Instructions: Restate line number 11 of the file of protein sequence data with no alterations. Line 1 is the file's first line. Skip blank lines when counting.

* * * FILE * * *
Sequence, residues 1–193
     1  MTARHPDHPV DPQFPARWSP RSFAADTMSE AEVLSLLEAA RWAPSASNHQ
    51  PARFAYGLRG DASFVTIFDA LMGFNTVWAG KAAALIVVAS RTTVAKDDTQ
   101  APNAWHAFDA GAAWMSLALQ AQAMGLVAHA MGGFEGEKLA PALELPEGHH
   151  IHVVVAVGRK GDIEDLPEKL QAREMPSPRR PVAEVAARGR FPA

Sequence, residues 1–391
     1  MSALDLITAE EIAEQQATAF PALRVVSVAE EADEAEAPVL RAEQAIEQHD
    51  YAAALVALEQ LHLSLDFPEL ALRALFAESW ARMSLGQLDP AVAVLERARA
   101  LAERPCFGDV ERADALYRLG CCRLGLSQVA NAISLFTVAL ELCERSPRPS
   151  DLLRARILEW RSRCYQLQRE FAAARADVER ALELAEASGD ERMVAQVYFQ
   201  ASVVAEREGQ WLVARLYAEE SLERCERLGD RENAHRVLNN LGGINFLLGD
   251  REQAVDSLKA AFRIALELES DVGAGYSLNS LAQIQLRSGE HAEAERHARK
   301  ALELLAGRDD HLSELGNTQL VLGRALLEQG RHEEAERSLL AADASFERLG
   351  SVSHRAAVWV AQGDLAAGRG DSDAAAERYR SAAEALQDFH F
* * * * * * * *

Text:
   201  ASVVAEREGQ WLVARLYAEE SLERCERLGD RENAHRVLNN LGGINFLLGD